Hope Star from Hope, Arkansas on April 30, 1943 · Page 4
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Hope Star from Hope, Arkansas · Page 4

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Friday, April 30, 1943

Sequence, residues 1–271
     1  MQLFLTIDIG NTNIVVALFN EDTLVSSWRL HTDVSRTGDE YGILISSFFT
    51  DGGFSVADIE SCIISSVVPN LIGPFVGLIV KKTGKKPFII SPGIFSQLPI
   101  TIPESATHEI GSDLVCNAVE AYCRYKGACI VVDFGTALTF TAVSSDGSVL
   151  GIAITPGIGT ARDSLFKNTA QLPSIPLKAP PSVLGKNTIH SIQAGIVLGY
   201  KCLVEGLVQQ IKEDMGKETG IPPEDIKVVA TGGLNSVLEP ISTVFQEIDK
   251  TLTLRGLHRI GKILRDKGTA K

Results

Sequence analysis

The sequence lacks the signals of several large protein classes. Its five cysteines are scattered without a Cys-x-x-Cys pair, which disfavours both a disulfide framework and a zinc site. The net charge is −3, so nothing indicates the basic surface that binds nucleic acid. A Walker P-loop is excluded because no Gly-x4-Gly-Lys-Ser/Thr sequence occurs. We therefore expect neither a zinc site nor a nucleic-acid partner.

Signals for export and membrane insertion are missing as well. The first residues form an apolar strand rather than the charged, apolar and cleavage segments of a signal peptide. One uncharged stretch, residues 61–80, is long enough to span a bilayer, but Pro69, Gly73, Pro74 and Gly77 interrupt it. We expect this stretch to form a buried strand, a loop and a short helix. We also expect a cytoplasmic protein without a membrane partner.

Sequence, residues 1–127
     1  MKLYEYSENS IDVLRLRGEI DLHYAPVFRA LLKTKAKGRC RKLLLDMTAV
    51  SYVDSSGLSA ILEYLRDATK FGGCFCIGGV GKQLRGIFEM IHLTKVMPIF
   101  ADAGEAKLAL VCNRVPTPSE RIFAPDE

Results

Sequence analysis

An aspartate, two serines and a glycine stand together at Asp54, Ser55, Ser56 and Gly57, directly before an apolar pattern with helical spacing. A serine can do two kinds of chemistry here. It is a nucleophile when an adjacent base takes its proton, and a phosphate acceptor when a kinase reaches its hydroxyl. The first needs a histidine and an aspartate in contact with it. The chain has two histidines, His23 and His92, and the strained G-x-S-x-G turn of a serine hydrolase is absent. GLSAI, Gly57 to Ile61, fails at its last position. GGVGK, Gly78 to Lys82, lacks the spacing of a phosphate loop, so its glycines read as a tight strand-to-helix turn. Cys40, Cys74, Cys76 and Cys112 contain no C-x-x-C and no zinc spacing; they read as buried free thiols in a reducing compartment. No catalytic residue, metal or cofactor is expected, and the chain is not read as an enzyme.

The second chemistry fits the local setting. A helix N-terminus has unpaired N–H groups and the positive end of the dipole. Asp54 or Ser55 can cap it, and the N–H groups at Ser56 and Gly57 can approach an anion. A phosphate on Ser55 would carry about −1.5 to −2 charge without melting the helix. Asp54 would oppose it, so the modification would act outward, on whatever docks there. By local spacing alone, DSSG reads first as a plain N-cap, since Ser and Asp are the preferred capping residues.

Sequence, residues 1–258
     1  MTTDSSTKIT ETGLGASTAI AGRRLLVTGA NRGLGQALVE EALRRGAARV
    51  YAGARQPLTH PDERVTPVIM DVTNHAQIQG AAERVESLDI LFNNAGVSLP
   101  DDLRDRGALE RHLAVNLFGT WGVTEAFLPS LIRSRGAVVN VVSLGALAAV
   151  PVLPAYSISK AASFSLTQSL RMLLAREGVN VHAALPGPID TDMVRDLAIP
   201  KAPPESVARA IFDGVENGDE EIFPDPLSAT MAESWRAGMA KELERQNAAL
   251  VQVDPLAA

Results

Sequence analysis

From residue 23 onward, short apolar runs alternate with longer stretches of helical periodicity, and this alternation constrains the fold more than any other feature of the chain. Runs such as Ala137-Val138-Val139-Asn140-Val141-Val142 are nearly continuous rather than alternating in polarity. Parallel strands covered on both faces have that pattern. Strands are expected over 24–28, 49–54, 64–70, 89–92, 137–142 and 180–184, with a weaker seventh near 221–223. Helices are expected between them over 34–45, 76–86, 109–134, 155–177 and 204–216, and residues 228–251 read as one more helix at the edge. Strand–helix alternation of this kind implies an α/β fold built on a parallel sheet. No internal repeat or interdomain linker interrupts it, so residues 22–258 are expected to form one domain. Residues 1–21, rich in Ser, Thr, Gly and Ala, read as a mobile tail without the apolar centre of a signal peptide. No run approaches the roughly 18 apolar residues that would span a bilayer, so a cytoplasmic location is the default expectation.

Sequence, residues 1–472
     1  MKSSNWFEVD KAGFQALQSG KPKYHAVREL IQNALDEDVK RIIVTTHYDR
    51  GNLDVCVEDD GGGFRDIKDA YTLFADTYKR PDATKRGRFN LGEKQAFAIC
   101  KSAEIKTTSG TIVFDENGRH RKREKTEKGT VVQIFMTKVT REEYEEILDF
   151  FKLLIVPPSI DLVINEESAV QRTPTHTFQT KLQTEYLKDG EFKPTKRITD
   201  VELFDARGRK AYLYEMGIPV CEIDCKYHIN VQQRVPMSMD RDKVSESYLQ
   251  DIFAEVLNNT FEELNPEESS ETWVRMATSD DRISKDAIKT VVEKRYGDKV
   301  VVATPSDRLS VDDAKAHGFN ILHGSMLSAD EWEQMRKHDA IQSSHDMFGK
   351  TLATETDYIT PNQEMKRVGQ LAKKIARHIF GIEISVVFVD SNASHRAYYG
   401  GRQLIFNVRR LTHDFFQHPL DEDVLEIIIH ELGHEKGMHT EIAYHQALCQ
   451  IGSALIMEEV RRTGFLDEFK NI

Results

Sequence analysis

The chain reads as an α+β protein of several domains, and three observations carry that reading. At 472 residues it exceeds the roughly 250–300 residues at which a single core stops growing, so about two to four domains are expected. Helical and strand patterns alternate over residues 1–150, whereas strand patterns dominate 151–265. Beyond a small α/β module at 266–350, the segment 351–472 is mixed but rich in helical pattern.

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HOPE STAR, HOPE, ARKANSAS Friday, April 30, 1943 uss/ans May Have Beaten Germans fo the Punch Analysis of the News by The Kid's Kid Editorial Comment Written Today and Moved by Telegraph or Cable. By DeWITT MacKENZIE We may be getting close to the denouement of the Caucasia n drama Fuehrer Hitler's p r o- tracted and bloody effort to crack this gateway to the Russian oil on Which he hoped to float to glory. For days the Nazis and the Reds have been sparring for position in the Kuban sector (maps please) j Where the Boche hold a bridgehead j Mrs - Flower Coogan and on the Caucasian shore opposite | the Crimea, as well as the important naval port of Novorossisk. Hitler apparently has been hoping that this might be his open sesame to the Caucasus if he could get an offensive under way. The Bolshevists t have been not only on spiking his drive but on kicking him out of his bridgehead altogether. The all highest's scheme — as your map will make clear — has been to use the Crimea as a sprong - board from which he could 3- ffing an army across the narrow skerch strait to his bridgehead. Then by cordinating this what in assault on the Reds in the Rostov t sector a little to the north he might force the Russian line back and get somewhere. Even if he didn't push his way down the Caucasus, he still might ensure his hold on his bridge head and No- .vorossisk'. thereby continuing to deprive the Muscovites of freedom of the important northern part of the Black sea. The plan is daring, but has merits making it possible for Herr Hitler to 1 say with the stage conjurer: "It is a good trick if I do it—and it's a good trick if I don't." .. So the opposing forces have been stabbing and feinting at each t 'other, and observers have noted • , ^ that the advantage might lie with , the side which could begin an offensive" first. Now Berlin announces 14- nonths-old son John appear in Los Angeles court to claim nonsupport by former child-actor— now Sgt.—Jackie Coogan. Fights Last Night By The Associated P r ess Highland Park, N. J. — Mike Bulik, 147, New York, outpointed Johnny Jones, 150, Pittsburgh (8). Meriden, Conn. — Billy (Reeves) Reed, 126, Washington, D. C., and Charlie (Kaby) Lewis 123, New York, Drew (8). Philadelphia — Tom Mollis, 152, Baltimore, outpointed Frankie Saia, 144, Philadelphia (8). Fall River, Mass. — Al Evans. 147, Newport, R. I., stopped Buster Beaupre, 144, Burlington, Vt. Vander Meer Is Best Hurler So Far in Season By JUDSON BAILEY Associated Press Sports writer Pitching has been the prize product of the major leagues this spring and scintillating performances have been piled one on top of another. But there would be no argument if the question were asked "who is the outstanding hurl- cr to date?" The answer is Lefty John Vander Meer of the Cincinnati Reds. The New Jersey Dutchman is slated for early induction into the armed forces and seems determined to paint his farewell to the National League in figures that will be remembered. He has gone to the mound three Urns in eight days, pitched 29 innings and allowd only two runs and 12 hits. He beat Mort Cooper of the St. Louis Cardinals 1 - 0 in eleven innings on opening day and four days later was himself defeated 1 - 0 by Howie Pollet of the Cards. Yet he was back again yesterday with another effective effort, this time turning back the Pittsburgh Pirates 6 - 1 on six hits. He had a shutout till the ninth, when the Bucs finally bunched three blows for a run. This triumph kept the Reds tied with the Cards for third place in the senior circuit as St. Louis slipped over a 4 - 3 twelve - inning conoucst of the Chicago Cubs. The world champions were beaten- 3-1 SPORTS ROUNDUP By HUGH FULLERTON, JR. Wide World Sports Columnist New York, April 30 —(/P)— Don't be surprised it you sec a lot of pros playing football in the Western Conference next fall (and no wise cracks now.). . . The tip is out that the big ten is about to okay Line former play-for • payers who are sent to the colleges by the armed services for training. . . . that may not help Wisconsin for one, even a little bit. . . The Badger campus is housing a radio training school, WAVES, Marines, Spars and some pro-flight students but has been rejected as a site for the V-12 basic program — The one which permits inter-collegiate com- Sports Mirror By The Associated Press Today A Year Ago ment of Pan-American Postponc- games un- ",that the Russians launched their expected "large scale' attack" against the bridgehead early yes- *f ^erday morning. V ( This may mean that the Reds have beaten the Nazis to the punch. We shall see in due course. In any ' event, there are the makings of a Jirce ba'ttle, for the zone involved _, is of vast strategic value in con- jlf ^nection with control of the Black 'k sea. The spring mud is fast drying out on the Kuban delta, with the arrival of sunshine and warmer weather. The ground in the Crimea also have become firm enough to ' provide the Luftwaffe w-th bases from which to strike at the Rus- "gians 'on'the mainland. Hundreds of bomber and fighter planes ' have been moved to the Crimea for use in the Caucasus. , The Hitlerites have reinforced their armies in the Kuban, and it's interesting to note that they are us ing a considerable number of Rumanian troops. Apparently Hitler is forced to conserve his own first line men, for he is taking a chance in using the Rumanians who have been thoroughly fed up with the bloody part assigned to them over a long period. However, it's the ."-• German idea to use other national! **• ties where possbile for cannon fod der as witness the maner in which the Italians have been sacrificed in Tunisia. While the Nazis have put rein forcements onto the mainland, the tare reported to be having an un happy time protecting their supply lines across the Kerch strait. Thi Beds have flung additional ai * strength into the conflict and thi has been raising hob with t h ^ German corrftnunica lions. 1 As this writing, the Kuban battle field is the vital sector of the Rus Sian front. til 1943 was indicated by Juan Carlos Palacios, chairman of Argentine Olympic committee. Three Years Ago — Tex Carleton pitched nohit, no-run game as rooklyn beat Cincinnati, 3-0. Five Years Ago — Joe DiMag- io and Joe Gordon collided and nocked each other out in Wash- ngton while chasing fly ball. Both •ent to hospital, neither serious- y hurt. -AT FIRST SIGN OF A petition. Chamberlain Brown, the movie scout who put Lou Nova in pictures, thinks he has another find in lightweight Bobb Ruffin, whom he calls "the most photogenic fighter I ever saw." . . .But Bobby's date with the Army Friday has priority. One Minute Sports Page The Reds need only three more victories and they'll have the National Lague pennant practically cinched. In each of the years they won the pennant. two 1939 and 1940, they won seven of their first ten games. The Count so far is 4 and 3. . . Henry Vasquez, who fights Bob Montgomery at Holyokc Mass., next Monday, was stricken with infantile paralysis when he was a kid and took up boxing to rebuild his muscles. . . When Jack by Rookie Eddie Hanyzewski go- Lavellc, one of the best football Yesterday's Stars By The Associated Press Red Barrett, Braves — Beat iants with six-hit hurling. Virgil Trucks and Joe Hoover, tigers — Trucks pitched four-hit- Irove in two runs with single. Johnny Vander Meer, Reds — topped Pirates on six hits, three of which came in ninth to spoil shutout. Newt Kimball, Dodgers—Pitched six scoreless innings in relief to ;et credit for victory over Phillies. Nick Etten and John Lindell, Yankees — Each drove in three runs, including a pair apiecp in 12th .nning, to whip Red Sox. Coaker Triplett and Ray Sanders, Cardinals — Triplett hit pinch Single in ninth inning to tic score and Sanders drove home winning runs against Clubs in 12th. Bob Johson, Senators — Drove in three of Washington's five runs for victory over former teammates, the Athletics. ing into the last half of the ninth, but came up with one of their familiar rallies to tie the score on a two - run pinch single by Coaker Triplett. Then in the twelfth Ray- Sanders singled across the deciding run with his only hit of the game. The Brooklyn Dodgers completed a sweep of their series with the Phillies on the gift of two unarned runs for a 4 - 3 victory. Earl Naylor hit a three - run homer off Kerbv Higbe in the first inning, but the Phillies were unable to score again. The Boston Braves vauled into second place back of the Dodgers by beating the New York Giants 5-2 behind the six - hit hurling of Charley (Red)Barrett. In the American League the New York Yankees were forced into twelve innings by the Boston "Red Sox, but won 7-3 with a final four run blast in which Nick Etten and John Lindell each singled with the bases loaded. Like the Dodgers, the Yankees also have won five out of six games arid the path to another pennant was smoothed considerably y e s- torday when Rookie Shortstop George Stirmveiss was rejected at the Hartford, Conn., induction center because of stomach ulcers. The Washington Senators maintained their grasp on third place with a 5 - 1 decision over the Philadelphia Athletics. In the other game of the day the Detroit Tigers were outhit but beat the St. Louis Browns 3-2. Vir- scouts in the business, tried to duplicate the blanks used for Notre Dame scouting reports, the printet asked $95 for 100 sets. . . Which gives you an idea how much information the Irish get. 'rom Sweden still is one of the big- jest problems the National A.A.U. rack and field officials have confronting them. Perhaps the Scandinavians arc awaiting a U. S. Commando performance before ,hcy make their command appearance here." Quote, Unquote Manager Ken Pcnncr. SacramcnClub: about lack of manpower. That is not our trouble with the solons. We have the men but no power." to Pacific Coast League "Everyone is complaining Nothing Dead About Ball in Southern Loop BY PHIL CLARKE Atlanta, April 30 — (/!')— There's nothing wrong with that baseball they're Knocking around in the Southern Association this season. The swatters bounced it yesterday (or 97 hits and 51 runs oft 1C harassed pitchers. Birmingham and Little Hock Service Middleweight Steve Belloise now an athletic instructor at the Newport, R. I., Naval Station, spends his furloughs in Stillman's Gym, training for the time when he'll be allowed to fight again. . . Johnny Nunley, former Utah lightweight champ now a Marine rifle instructor, gives this explanation why the leathernecks arc such good shots: "We teach the rookies how- to shoot for ten days before they even get to shoot one bullet.". . . Eric Pcdley, the first westerner ever to play international polo, finds considerable similarity between polo and aerial gunnery, which he now teaches. . . In both you have to hit a moving object while traveling aboard another moving object. The essential skill, he says, is timing. Washington By JACK STINNETT Wide World Features Writer Washington The British Purchasing Commission, through Lord Halifax. Ambassador to the United States, has just made public some figures (hat arc food for thought. In view of the threatened revolt against Lease - Lend, it's a safe guess that they not only were timely — they were timed. There never was any doubt about the continuance of Lease - Lend (as the 407-to-ti vole in the House indicated ), but the fact that someone thought there might be was enough to bring out an indication of just how important the Russians and the British consider this phase of our war program. Instead of expressing indignation iivcr Admiral Standley's intimation that the Russian people hadn't been fully informed of the extent of our aid, the Soviet government rushed out with an all-out explanation of every ounce of aid the British and we have given them. Today's Guest Star George Farrar, Jr., Woonsockct, (R. I.) Call: "How to bring Guner Hacgg and his record break- ng associates over to this country gil Trucks held the Browns to four safeties, one more than the Tigers made off Lefty Al Hollingsworth and Geoge Caster. Flashes of Life By The Associated Press Bauxite, Bauxite Everywhere Little Rock Arkansas produces 98 percent of U. S. - mined bauxite, ore from which aluminum is made, but couldn't get aluminum plate for a state plaque. So a plaque of Arkansas marble was affixed Thursday to a 20-ton chunk of bauxite, and placed on the Arkansas capitol grounds to symbolize the state's contribution war. Justice Jitters Kansas City — Jasper Givcns 30, elongated negro night club en tertainer, was acquitted of the tavern murder of Willis Taylor. He began to stammer his thanks to jurymen. One suggested whj didn't he dance instead? Jasper scrambled to his feet beaming, despite the protesting glare of his attorney. "If he wants to entertain the Overbidding His Ha.nd When Comedian Bob Hope was playing golf and selling war bonds in Fort Worth, Tex., the oilier day. AP sports scribe Harold Ratliff stood by complaining that the high wind was about to blow his hat off. . . "Why don't you pull it down tighter?" someone asked. . "scared to," he replied. "If I raised my hand above my hips I might discover I had pledged myself to buy $15,000 worth of bonds." spoiled season openers at Memphis and New Orleans. The Barons dumped the Memphis Chicks. 107 before 0,837 night fans, while the Travelers did it 13-2 at New Or| leans before 5,500 night customers. In other second - round openers, Nashville pleased 4,000 home (owners with a 7-3 verdict over Chattanooga, and Knoxvillc won a disputed 2-1 decision from the visiting Atlanta Crackers before 2,392. Birmingham hit everything thrown at them to lead the loop with five wins in six starts. The Barons chased Frank Veverka. Goat Walker, Walter Brown and Bill Rogers from the mound before the rookie fireball pitcher from Mississippi State, Homer Spragins, stopped the siege. It wasn't much fun for three New Orleans twirlers when the Little Rock Travelers ganged them for 18 blows, including two tr and a home run. Al Mo ran, clever pebble pitcher, kept 10 Pelican hits well scattered while his mates worked on Starter Roy Sanner and his relief - Veteran Joe Winficld | ,,,,,.( This . lppl . oxinilltc $li7sn . and Fred Wells Manager Buck „„„„„„ t , jko „„,,,, Fausett collected four hits in f.vc | in vjcw ()f concessional appropria ' U. S. Consul at Martinique Is Recalled Washington, April :i() — (/l'i•— The United Stales has recalled its consul general from Marliiii(|ne and abrogated all agreements with Admiral Georges Robert. French high commissioner in Ihe Caribbean. .Secretary of Slate Hull announced today that in a note handed to Robert before the departure of the consul general the high commissioner was notified that in view of his attitude the United States would have to consider him a luol of the Hitler regime wheih has enslaved his French home-land. But BPC and Lord Halifax were a jump ahead. Already, they had written into the record that Great Britain, since 1939, has spent ap- pioxiniJilely 3-14 billion dollars for war supplies in tins country and that nearly a quarter of a billion of that was spent solely for new plants and plant expansions—• and most of that before Pearl Harbor. I Thus months before we were 'actually plunged into war. the Brit\ ish were pouring millions into ex. l '"j'"'. ! pansinii of "the arsenal ol nemnc- •Vnvpp • riic 5'" •""' ' :| ying the groundwork nvr '' ' for the remarkable production record we have 1 set since Oc-e. fl, 1041. t \ little more than half the total sum has been spent with aircraft Arkansas Baptist Executive Dies Little Hock, April 11(1 (,V) C. R. Bryant, circulation and advertising manager of the Arkansas Baptist, stale church publication, and Miss Flossie Wells, daughter of Mr. and Mrs. James F. Wells. Little Rock, were married here last night by Dr. Lewis A. Meis, editor uf the Baptist. The principals are both former residents of llooiu.'V'ille. They will make their home hero. Market Report attempts, including a double and a triple. Today's games and starting pitchers: Atlanta (Cortes) (Anderson) — Da. j lions for Army and Navy aircraft j / Mexican Village Downward Bound Mexico City (Ylv- The si range phenomenon of a .sinking village is boiir.; studied iiy Ihe government department of Indian affairs. The loxvn, Ycihuiche, in tiopical Oaxaca stale., lias been evacualed by Indian inhabitants whnse homes are slowly dropping into the g.'ound. Chattanooga (Jacobs) at Nashville (Gassawayi — Day. Birmingham (Ferguson) at Memphis (West) — Night. Little Rock" (Grcer or PapislD at i now. but the natural qu.setion is: probablcy j Wb( , ic W))llltl W e be today if the I British hadn't started the ball at Knoxv.lle j ,. oll j, iy? It may stagger those who like to New Orleans (Danna) Night. ST. LOUIS LIVESTOCK National Stockards, 111., April 30 —(/P)—(U. S. Depl. Agr.J—Hogs, .500: fairly active: steady to 5 ligher; bulk good and choice 180270 Ibs. 14.55-65; top 14.G5; 230-340 bs. 14.40-55; 160-170 Ibs. 14.10-35; 140-160 Ibs. 13.00-14.10: 100-130 Ibs .260-13.35; sows 14.15-50; stags 4.50 own. Cattle, 500; calves, 300; hardly enough on sale to make a market; cnerally steady in cleanup trade odd lots medium heifers and nixed carlings 12.75-14.75: common and medium cows 11.00-13.00; top sausage bulls 13.75; beef bulls o 14.00; cood and choice vcalers 15.75; medium and good 13.2514.50; nominal range slaughter steers 11.75-17.00; slaughter heifers 11.00-16.25; stockcr ' and feeder steers 11.00-15.50. Sheep, 200; not enough on sale to make a market; odd lots good and choice clipped lambs 14.7515..00. POULTRY AND PRODUCE Chicago, April 30 —(/P)— Poultry, live; 1 truck; firm; prices u changed. Butter, receipts 613,214; steady prices as quoted by the Chicago price current are unchanged. NEW YORK COTTON New York, April 30 — -The to jury I guess he can," Judge Harvey J. Emerson decided. Jasper danced several variaitons USE 'fi« TABLETS, 5ALYE. NOSE DROPS of something was fine. The jury thought it Cost of Freedom Walla Walla, Wash. — State prison authorities are especially anxious to find that escaped Spokane forger. Warden Bert T. Webb said »J I Qgdon air depot, b ank prison checks disappeared I Mornings it f s Dr . Stephen C. along with the trusty - and one Tor Hungarina - born Univer- has already corne back, cashed for Double Life Salt Lake City — It's plain Steve Tornay, on the swing shift at the cotton market was quiet today as traders awaited further develop ments on the C. C. C. cotton selling program and the outcome of the coal dispute. Late afternoon values were un changed to 20 cents a bale lower or the year or longer with gains of fractions to a point or more. Activity dwindled after a fast opening in which large blocks of .ow and medium - priced issues changed hands at minor advances. Radio Corp. came out on an 18,- )00-sharo deal, with International Telephone next on a 10,000 - ahare trade. Transactions of 1,000 to 5,000 were numerous. Top marks were reduced in many instances near he close but plus signs were wide- y distributd. Volume was around 1,400,000 shares. Attempt Made to End Labor Dispute Little Rock, April 30 (/!') — A three-way conference opened here today in an effort to settle a labor disput which kept some 200 em- ployes of the McGeorgc Construction company idle at a bauxite think that Henry Kaiser is purely I an American product to learn that he uot his start as a shipbuilder on British money. The British Merchant Shipbuilding Mission came here with an order for Gl) Liberty .ships — almost the Siimc in design as those being turned out today. Unable to get the job done with the shipyards we had, they suggested building new ones at Richmond, Calif., and Port land, Ore., and president of the company to whom they let the The BPC's srtory about the initial impetus given wartime machine tools, -jirplanc motors and propel- You Women Who Suffer From then strip mining project near Bauxite, i lers is a little loss spectacular, but R. L. Burton, representing tin federal concilitaion service, ar- angcd the conference with H. L. Jickinson, manager of Ihe Mc- 3eorgc company, and W. H. Hildo- rand, slate president and business May 20.19, 19.85. Jly 19.90 and Oct. Futures closed unchanged to 25 cents a bale lower. May, opened, 20.19; closed, 20.19 Jly—opened, 20.00; Oct—opened, 1986; Dec—opened, 19.79; closed, closed, 19.95 19.81 $300. THESE'S A SHORTAGE OF DOCTORS AND NURSES! YOU CANT AFFORD TO BE ILL... Illness is a peacetime luxury that no one on the home front can afford today! With doctors and nurses off to war, the job of "HEALTH WARDEN" is left to you! We have many preventive medicines and simple home remedies to help you! Call us! DO YOUR SHARE . . . KEEP FIT! The Leading Druggist WARD & SON Phone 62 We've Got It sity of Chicago graduate, who teachers philosophy at the University of Utah. Robin Rest Chicago — Chalon Moore and Henry Bielby, operators of a crane on a mosquito abatement project, arc swinging their drag line more delicately. About 10 days ago they discov- | ered a robin perched on the boom of the drag line. Undisturbed by the noisy crane, Mrs. Robin proceeded to build a nest and now is comfortably settled in it. The operators are hoping be hatched boon. the eggs will Industries Great I Aid to Scrap Drive i In response to 128 letters sent out ! to industrial plants in Southwestern i Arkansas, asking them to collect i and sell all scrap around their ! plants, reports have been received I by the Chamber of Commerce showing 210,370 pounds collected ana sold during the past month. A generation ago, Kentucky produced nearly a quarter - million pounds of hemp seed a year. closed, 19.76n Mch—opened, 19.76; closed, 19.75 Middling spot 21.96n; off 4 N - Nominal. GRAIN AND PROVISIONS Chicago, April 30 Iff) — Suspension of import quotas on wheat and wheat flour eased bread cereal prices today, although activity continued light and there was no rush to sell. Presidential action in removing quota restrictions was expected to bring in more Canadian wheat and at Winnipeg the Count Fleet Favored to Take Derby By SID FEDER Luoisville, Ky., April 30 —(/P)—A field of 13 three-year-olds was entered today to run in tomorrow's G9th Kentucky Dery, but there was still some doubt whether the highly - regarded Ocean Wave would get to the post. The 12 colts and one gelding entered through the racing secretary's office before the entry box closed were all that remained of the 110 originally nominated for the mile and a quarter grind two months ago. The fate of Ocean Wave as a .'•tarter will not be known until tomorrow morning. The successor U Whirlaway in the barn of Warrcr Wright of Chicago and Lexington Ky., suffered a foot injury in win ning the Derby Trial last Tuesday. Trainer Ben Jones had planned U give the colt his final "blowout' today and make up his mind ubou starting, but he decided to post none this test until tomorrow anc instead just jogged the Wave around the track. "He seemed to pull up perfect!} sound and without soreness,' Jones explained. "His chances o starting now are about 50-50. "I decided to wait with his blow out until tomorrow and give tin foot a little more time to com 'round." Ocean Wave has been ranked as the one real threat to Count Fleet in this Derby. The Count owned no less convincing, than the "Liberty ship" talc. There's no doubt that we arc holding up the heavy end of Lease- Lend in dollars and cents now. But it clocs't hurt to be reminded that lanagcr of the International | the arsnal of Democracy really fnion of Engineer Operators AFL.) Hildcbrand said, although wages n the job were below the scale xcd for similar work on other Arkansas contracts, the dispute ivolvod working conditions rather Him wages. Dickinson said the isputc was based on the union's cmand for a maintenance ol nembcrship clause. The labor representative com- laincd that when machinery iroke down or was idle for any started on a buy-buy basis Turks Free Interned American Airmen Ankara. Tin-key. April 30 I/I')— Sixteen United Stales airmen and six British fliers intered in Turkey after forced landings on Turkish soil left Ankara today for Cairo. They were freed under an agreement among the Turkish government and belligerents providing If you —llko no mnny women between the ngos of fl8 and 02— r.ullcr from hot flashes, wen'-:, dizzy, nervous Icel- Ings, distress or "Irregularities", aro blue nt times—duo to the functional middle ago period In a wcmun'.i lUo— try taking Lydla E. PlnUhani's Vecc- tablc Compound at once. It's the best known medicine you can buy that'n made especially /or women. Fmkrmm's Compound is /amous to relieve such distress. Taken regularly —It helps build up roslstiwce nKainnt such annoying cymptoms. It ako la a. tluo stomachic tonic. Thousands upon thounnndn of womnn—rich and poor alike—havo reported benefits. Time nntl n^n.lu Lydin. Plrikham's Compound ban proved some women's happiest day.i often can be durlnr; their "-10's". Follow label directions. Worth truing! AIRCRAFT JOBS OPEN For Trained Men and Women E>r full particulars listen ID KWKIt Monday, thru Friday li:, r >() a. in. Sunday night . .. !!:2II p. m. Also Electric Welding Sou—Or Write to Shrcvcport Aeronautical Institute Jfoiim No. 422 (Jrim Hotel, Texarkanu and Axis airmen. ., I'll < j IIIIHI (Hill IJUtllK^. 11 ' 1 !*^ I' 1 VI V I LI 11 1^ •cason, the skilled operators were | fo ,. , hc rc , c . lsc * r intt , rn ' cd Aniod ransferrcd to common labor jobs. -Ie also protested that armed guards were patrolling some of he premises although the union lad assured management and local luthorities there would be no vio- cnce. NO ASPIRIN. can do more for you, so why pay more? World'slarHcstscllerat IDf 1 . HO tablets av, 100 for only 3Gp. Get St. Joseph Aspirin. For Prompt and Courteous TAXI SERVICE PHONE 679 I will Appreciate Your Patronage. L. R. Urrey 679 Taxi Co. THE OLD JUDGE SAYS grain jumped more than a cent. ! by Mrs. John D. Hertz of Chicago Rye was under pressure most o f and shortest priced future favor the session, but oats displayed a relatively firm undertone. At the close wheat was 1-8—3-4 lower, May .'(11.43 7-8—3-4, July $1.43 1-4—3-8, corn was unchanged at ceilings, May $1.05, oats 1-8 lower to 3-8 hgiher, and rye 1-8 lower to 1-8 higher. Cash wheat: No sales. Corn; No. 1 yellow 1.07: No. 2 1.07; No. 3, 1.06 1-2; No. 1 white 1.23 1-2: No. 3, 123 Oats: No 1 mixed o'7 1-2; No. 2, 68; No. 1 white 86 1-4; No. 2, 68 1-2; No. 3, 67 3-4. Barley, malting 92 - 1.07 nom; feed 85-88 nom. NEW YORK STOCKS New York, April 30 —Wi— Profit cashing occasionally stalled to- He in Derb history, was the last horse named through the enfry box today. In addition to the Wave, his leading rivals among those entered figured to be Blue Swords, owned by Allen Simmons, Akron (Ohio) radio station operator; Gold Shower, the hope of Mrs. Vera S. Bragg of Greenwich, Conn.; Slide Rule, onehalf the entry of W. E. Boeing of Seattle; and Amber Light, bred by his owner, Charles T. Fisher, he Detroit automobile body builder. The outsiders are Mrs. Ethel V. Mars' No Wrinkles; Mrs. Henry L. Finch's Modest Lad; J. Warfield Rodgers' Dove Pie; Townsend B. Martin's Bankrupt; Burnt Cork, who was entered by his owner. " Makes me fee! extra good hear in' you talk that way, Judge...never realized I was contribulin' to the war effort in the way you mention." "You certainly are, Hank. Part of the grain you farmers grow is used by the beverage distilling industry to make alcohol for war purposes. Hundreds of millions of gallons are required every year for smokeless powder, medical supplies, chemical warfare materials, shatterproof glass, lacquer for camouflaging equipment, fuel to propel torpedoes and in the making of critically needed synthetic rubber. lint, Hank, the crnin ur,pcl in distilling this alcohol is not thrown away. It is processed and comes back to thu farm again in the form of dried grains or dried solubles which you use for dairy feeds, hog supplements and poultry mashes. This year alone it is estimated 388,000 tons of these much needed feed stuffs will be produced by the distillers." "/ can see now. Judge, u'hy yon say it's a mighty good thing we hare u legal distilling industry in times like these." day's stock market but many fav- | Eddie Anderson (Rochester of the orites managed to override this j radio;; and Twoses, the other hall hurdle and reach new high ground of the Boeina entry. I i , Conjticnce aj Alcoholic &e*tfug,t s, Inc.